The American anti-union movement is having a moment.
After Wisconsinites voted decisively this week to keep their union-busting governor, and voters in two California cities chose to cut pension benefits for municipal employees, attention turned Friday to Chicago where public-school teachers finished up a strike vote.
The target of the besieged Chicago teachers, however, is not some anti-union Republican. Instead, it is Democratic Mayor Rahm Emanuel, who has pushed his onetime union allies to the point of walking off the job by making them work more for less pay.
Of all the attempts by U.S. politicians to rein in the runaway pay and benefits of public employees, none seems dicier than those led by Democratic mayors and governors. For them, balancing budgets and pleasing taxpayers invariably involves betraying friends.
If the notoriously aggressive Mr. Emanuel thought he could strong-arm the Chicago Teachers Union into quietly folding, however, he got far more than he bargained for. The former chief of staff to President Barack Obama now risks watching angry teachers take to the picket line when they might otherwise be out campaigning to re-elect his old boss.
"Does [Mr. Emanuel] really want, on the eve of a national election that could be very close in battleground states, to be generating the causes and conditions that have 18,000 largely female African-American workers on the street?" mused Robert Bruno, a labour professor at the University of Illinois in Chicago.
Indeed, Republicans are enjoying watching Democrats like Mr. Emanuel and Los Angeles Mayor Antonio Villaraigosa spar with the very unions they count on to get elected. Illinois Governor Pat Quinn, California's Jerry Brown and Andrew Cuomo of New York, all Democrats, are also locked in bitter battles with public-sector unions over proposed pension reforms. It has generated intraparty tensions most Democrats would rather do without.
Solidly blue Illinois, California and New York are not at play in the presidential race. But having traditional allies in the Democratic Party and labour at each other's throats could favour Republicans in congressional races both within and beyond those states. It could also help GOP presidential nominee Mitt Romney sell his "small government" message.
At the very least, the optics are terrible for Democratic politicians. But the situation illustrates the delicate dance they must perform as they attempt to appease taxpayers – who think public employees have had it too good for too long – without alienating the very unions that supply the bulk of money and volunteers for their election campaigns.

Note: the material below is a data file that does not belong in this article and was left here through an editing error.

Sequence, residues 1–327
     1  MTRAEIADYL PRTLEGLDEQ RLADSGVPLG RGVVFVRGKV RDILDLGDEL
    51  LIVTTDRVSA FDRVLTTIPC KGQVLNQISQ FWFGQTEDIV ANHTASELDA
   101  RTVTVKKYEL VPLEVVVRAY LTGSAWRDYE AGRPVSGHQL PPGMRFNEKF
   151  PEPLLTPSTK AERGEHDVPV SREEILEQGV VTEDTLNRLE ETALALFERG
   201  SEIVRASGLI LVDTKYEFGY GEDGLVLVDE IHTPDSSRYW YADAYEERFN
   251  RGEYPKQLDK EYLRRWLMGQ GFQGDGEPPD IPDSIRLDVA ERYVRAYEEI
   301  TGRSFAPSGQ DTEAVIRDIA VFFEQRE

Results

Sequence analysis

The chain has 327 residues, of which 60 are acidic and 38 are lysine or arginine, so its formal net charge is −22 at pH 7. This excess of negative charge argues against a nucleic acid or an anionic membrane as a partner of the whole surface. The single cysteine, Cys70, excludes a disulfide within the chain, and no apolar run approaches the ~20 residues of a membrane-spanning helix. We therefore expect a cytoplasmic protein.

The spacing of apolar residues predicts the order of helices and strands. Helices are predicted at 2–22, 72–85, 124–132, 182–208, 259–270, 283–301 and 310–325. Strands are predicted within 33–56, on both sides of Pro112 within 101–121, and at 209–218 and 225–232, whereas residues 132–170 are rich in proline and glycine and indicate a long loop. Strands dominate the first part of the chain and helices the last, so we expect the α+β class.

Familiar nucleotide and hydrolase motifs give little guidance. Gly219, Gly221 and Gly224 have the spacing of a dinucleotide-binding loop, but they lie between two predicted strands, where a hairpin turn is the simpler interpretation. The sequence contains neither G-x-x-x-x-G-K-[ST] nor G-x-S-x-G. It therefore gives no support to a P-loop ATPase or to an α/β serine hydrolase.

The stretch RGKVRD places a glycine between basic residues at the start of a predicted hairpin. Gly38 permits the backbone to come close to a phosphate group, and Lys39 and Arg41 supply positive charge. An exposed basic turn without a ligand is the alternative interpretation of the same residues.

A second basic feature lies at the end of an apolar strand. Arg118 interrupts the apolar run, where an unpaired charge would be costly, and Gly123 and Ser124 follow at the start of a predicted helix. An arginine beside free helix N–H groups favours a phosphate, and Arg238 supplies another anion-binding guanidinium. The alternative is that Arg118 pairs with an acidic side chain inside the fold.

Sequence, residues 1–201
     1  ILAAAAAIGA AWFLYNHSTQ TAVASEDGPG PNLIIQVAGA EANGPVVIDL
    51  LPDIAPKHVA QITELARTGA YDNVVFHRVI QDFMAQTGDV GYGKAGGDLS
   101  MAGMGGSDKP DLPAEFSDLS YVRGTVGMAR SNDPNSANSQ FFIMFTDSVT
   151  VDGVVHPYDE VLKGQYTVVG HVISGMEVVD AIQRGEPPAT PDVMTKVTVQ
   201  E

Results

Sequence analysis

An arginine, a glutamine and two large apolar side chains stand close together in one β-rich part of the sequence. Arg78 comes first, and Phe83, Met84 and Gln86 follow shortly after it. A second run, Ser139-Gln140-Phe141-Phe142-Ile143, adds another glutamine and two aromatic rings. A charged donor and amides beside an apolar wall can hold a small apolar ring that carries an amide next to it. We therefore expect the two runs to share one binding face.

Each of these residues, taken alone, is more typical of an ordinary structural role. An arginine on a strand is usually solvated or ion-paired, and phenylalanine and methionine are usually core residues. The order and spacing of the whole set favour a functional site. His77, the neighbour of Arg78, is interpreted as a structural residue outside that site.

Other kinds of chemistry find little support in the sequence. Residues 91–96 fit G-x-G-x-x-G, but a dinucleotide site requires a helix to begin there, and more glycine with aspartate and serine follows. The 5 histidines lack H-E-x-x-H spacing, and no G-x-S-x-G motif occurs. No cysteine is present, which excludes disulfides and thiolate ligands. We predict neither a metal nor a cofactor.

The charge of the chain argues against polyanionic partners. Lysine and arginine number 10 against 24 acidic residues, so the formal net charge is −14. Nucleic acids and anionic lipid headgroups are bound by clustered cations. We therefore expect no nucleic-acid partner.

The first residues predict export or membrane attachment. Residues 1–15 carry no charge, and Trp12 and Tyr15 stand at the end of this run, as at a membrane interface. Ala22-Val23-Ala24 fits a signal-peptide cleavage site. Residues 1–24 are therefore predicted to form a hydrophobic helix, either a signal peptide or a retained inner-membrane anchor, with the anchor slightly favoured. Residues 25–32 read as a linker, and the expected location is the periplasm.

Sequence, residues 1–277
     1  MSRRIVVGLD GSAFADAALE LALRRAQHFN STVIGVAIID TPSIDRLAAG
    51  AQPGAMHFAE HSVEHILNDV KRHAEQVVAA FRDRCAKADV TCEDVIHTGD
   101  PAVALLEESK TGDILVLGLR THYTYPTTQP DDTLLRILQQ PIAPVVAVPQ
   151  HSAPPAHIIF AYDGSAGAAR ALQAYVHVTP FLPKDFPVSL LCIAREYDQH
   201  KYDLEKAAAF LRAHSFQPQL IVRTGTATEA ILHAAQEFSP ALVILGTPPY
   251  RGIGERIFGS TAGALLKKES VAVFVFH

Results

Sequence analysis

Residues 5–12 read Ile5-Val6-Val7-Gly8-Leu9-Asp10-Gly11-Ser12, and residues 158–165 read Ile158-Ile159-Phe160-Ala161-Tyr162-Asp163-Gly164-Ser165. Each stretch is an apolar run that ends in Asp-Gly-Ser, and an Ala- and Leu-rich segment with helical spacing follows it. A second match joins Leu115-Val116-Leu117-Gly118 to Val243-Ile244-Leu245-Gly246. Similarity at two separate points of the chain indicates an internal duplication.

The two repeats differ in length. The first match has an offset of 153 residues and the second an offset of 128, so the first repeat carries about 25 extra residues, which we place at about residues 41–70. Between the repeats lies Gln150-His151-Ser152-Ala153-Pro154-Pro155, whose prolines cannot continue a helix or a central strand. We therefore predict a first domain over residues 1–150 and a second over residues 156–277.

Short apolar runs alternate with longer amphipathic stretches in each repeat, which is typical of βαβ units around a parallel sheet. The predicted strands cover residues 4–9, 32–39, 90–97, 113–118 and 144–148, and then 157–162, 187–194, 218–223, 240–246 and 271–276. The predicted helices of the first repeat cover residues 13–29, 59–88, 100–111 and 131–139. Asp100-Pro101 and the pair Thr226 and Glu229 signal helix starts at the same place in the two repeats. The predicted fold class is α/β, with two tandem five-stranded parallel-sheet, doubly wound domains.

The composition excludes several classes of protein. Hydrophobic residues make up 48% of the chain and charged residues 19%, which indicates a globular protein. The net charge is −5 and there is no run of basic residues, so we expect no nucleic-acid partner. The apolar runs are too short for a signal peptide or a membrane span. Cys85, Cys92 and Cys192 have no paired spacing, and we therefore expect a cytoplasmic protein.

The decades-old alliance between Democrats and labour is being tested by state and city budget woes that have been exacerbated by ballooning retirement costs. The bill for generous pension benefits granted years ago is now coming due as baby boomers retire.
Mr. Obama, who unilaterally imposed a two-year pay freeze on federal employees, has sought to keep public unions onside by pushing Congress to provide financial aid to states and municipalities. The latter have cut 450,000 jobs since 2008.
"These are teachers and cops and firefighters," Mr. Obama said on Friday. "Congress should pass a bill putting them back to work right now, giving help to the states so that those layoffs are not occurring."
Prof. Bruno predicted the Democratic-union alliance would ultimately survive because the U.S. two-party system has left organized labour with nowhere else to turn.
"Organized labour has this dilemma," he noted. "It has one party that is devoutly antagonistic to its existence. And in order to keep that party from controlling labour's destiny, it has to turn to a centrist party that has embraced neo-liberal economics and austerity … but at least does not [seek] to attack the institution of collective bargaining."
In Wisconsin and Indiana, GOP governors have all but eliminated collective bargaining in the public sector and made payment of union dues optional. Other Republican governors are seeking to emulate them.
Mr. Emanuel courted labour when he ran the successful campaign that gave Democrats a majority in the U.S. House of Representatives in 2006. But shortly after his 2011 election as mayor, he turned on his labour allies in a bid to fix Chicago's public schools.
The plan involves extending the school day by one hour starting this fall and instituting tougher teacher evaluations. To curb costs, the Emanuel-appointed school board rescinded a 4-per-cent salary increase for 2012 that had been part of the existing contract.
Now, the teachers union is seeking a 30-per-cent salary increase over five years to compensate for longer days. All the city has offered is a 2-per-cent increase in the first two years of a five-year contract.
Members of the Chicago Teachers Union finished voting on Friday and the results of their strike vote could be released as early as Monday. Without a settlement, teachers could walk off the job just as classes are set to resume in September.
In other words, just when Mr. Emanuel's former boss will most need union help.